Cities Journal

Corinthian Colleges Go Bankrupt

This Monday, one of America’s largest for-profit career education chains, Corinthian Colleges Inc. filed for bankruptcy, after a year-long and gradual collapse which was prompted by the U.S. Department of Education’s probing watch. The watch was a result of serious allegation of deception on the behalf of the school chain.

The story escalated quickly after the summer of 2014 when Corinthian colleges were involved in a dispute with the Department of Education over paperwork. More precisely, the Department discovered years of malpractice where the Corinthian colleges deceived students with false job placement rates and graduation rates as well.

Since the start of the 2010-2011 academic year, the Corinthian’s students received around $4 billion in federal student loans and around $2 billion in grants which almost entirely flowed to the school chain as fees and tuitions. At its peak, the chain had more than 110,000 students enrolled in over 120 colleges across the country.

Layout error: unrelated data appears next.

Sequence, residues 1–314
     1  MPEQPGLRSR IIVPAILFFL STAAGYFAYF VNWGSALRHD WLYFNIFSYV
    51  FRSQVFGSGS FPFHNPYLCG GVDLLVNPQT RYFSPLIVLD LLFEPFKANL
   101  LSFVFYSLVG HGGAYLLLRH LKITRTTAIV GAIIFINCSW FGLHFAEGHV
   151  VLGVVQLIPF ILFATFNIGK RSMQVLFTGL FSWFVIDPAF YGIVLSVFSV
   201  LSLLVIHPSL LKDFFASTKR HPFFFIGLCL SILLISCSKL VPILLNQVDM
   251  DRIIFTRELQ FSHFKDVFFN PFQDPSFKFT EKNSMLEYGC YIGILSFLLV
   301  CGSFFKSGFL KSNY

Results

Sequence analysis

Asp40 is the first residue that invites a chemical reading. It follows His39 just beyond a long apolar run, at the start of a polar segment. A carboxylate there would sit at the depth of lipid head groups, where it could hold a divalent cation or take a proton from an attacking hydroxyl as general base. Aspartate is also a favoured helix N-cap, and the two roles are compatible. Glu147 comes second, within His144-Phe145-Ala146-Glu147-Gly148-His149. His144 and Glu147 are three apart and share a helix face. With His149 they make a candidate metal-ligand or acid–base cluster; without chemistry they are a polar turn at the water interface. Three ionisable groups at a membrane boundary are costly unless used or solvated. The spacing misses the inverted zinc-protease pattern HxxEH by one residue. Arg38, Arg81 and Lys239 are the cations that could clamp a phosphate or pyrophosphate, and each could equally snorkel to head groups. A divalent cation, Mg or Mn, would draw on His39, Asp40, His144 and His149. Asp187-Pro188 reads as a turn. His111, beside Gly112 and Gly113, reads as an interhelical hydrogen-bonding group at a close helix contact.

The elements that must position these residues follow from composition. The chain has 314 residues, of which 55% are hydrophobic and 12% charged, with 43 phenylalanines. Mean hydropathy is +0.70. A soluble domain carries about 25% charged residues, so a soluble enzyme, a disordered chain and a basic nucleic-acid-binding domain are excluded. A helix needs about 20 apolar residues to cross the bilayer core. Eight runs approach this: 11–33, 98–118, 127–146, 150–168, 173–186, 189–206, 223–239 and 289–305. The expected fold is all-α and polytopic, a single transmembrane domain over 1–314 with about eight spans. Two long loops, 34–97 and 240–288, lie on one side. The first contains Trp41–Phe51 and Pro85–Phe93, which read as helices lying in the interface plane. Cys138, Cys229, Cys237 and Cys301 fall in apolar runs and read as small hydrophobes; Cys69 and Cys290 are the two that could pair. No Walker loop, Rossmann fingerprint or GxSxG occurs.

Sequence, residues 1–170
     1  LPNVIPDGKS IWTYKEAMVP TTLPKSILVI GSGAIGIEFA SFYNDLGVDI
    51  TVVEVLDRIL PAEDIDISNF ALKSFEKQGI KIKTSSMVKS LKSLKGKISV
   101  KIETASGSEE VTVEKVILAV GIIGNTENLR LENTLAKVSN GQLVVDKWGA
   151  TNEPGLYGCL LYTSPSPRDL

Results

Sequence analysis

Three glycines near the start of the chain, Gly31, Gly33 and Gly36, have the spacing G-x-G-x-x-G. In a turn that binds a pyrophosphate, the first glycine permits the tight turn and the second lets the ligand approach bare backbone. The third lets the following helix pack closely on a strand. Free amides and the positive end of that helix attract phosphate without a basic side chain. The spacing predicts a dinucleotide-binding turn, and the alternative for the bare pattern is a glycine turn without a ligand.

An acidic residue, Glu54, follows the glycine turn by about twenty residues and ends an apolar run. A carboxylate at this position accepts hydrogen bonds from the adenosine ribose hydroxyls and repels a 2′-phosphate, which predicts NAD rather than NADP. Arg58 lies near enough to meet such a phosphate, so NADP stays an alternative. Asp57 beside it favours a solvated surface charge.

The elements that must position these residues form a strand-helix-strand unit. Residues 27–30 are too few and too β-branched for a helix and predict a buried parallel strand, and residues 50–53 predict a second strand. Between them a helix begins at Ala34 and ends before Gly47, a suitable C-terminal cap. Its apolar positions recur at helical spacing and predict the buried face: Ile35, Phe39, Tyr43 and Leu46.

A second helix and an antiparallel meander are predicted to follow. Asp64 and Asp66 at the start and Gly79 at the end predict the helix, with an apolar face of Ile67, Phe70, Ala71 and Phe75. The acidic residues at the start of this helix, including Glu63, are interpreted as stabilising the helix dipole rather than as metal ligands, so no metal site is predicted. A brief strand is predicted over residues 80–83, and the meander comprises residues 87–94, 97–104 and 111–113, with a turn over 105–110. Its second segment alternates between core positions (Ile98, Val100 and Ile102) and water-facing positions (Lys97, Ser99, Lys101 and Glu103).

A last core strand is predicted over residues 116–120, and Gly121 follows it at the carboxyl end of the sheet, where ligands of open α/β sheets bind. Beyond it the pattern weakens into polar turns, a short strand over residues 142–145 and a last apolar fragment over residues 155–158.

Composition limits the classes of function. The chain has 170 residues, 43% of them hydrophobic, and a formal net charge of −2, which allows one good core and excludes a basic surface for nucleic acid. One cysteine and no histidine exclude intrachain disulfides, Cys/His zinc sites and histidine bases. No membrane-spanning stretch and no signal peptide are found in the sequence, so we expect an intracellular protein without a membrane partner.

The Education Department discovered almost 950 false job placements, which showed “blatant disregard” for the federal student loan program. In short, without the jobs that were promised to the students, after graduation, they were unable to find employment and subsequently pay off their loans.

This has resulted in the Department of Education becoming more stringent with their funding of various programs and the reduced flow of cash into the Corinthian schools. It did not take long for the whole house of cards to collapse, with the chain currently owing $143 million in debts, while their assets are $19.2 million, urging the chain to declare bankruptcy.

It goes without saying that this has led to the closing of all the Corinthian colleges, leaving almost 3,000 employees jobless and leaving tens of thousands of students to fend for their future, burdened by student loans.

An Education Department spokeswoman, Denise Horn said:

“The department remains committed to protecting students and ensuring that those who have been hurt by fraud — including at Corinthian — receive the debt relief they are entitled to.”

We certainly hope that this will happen and that the students will be protected.

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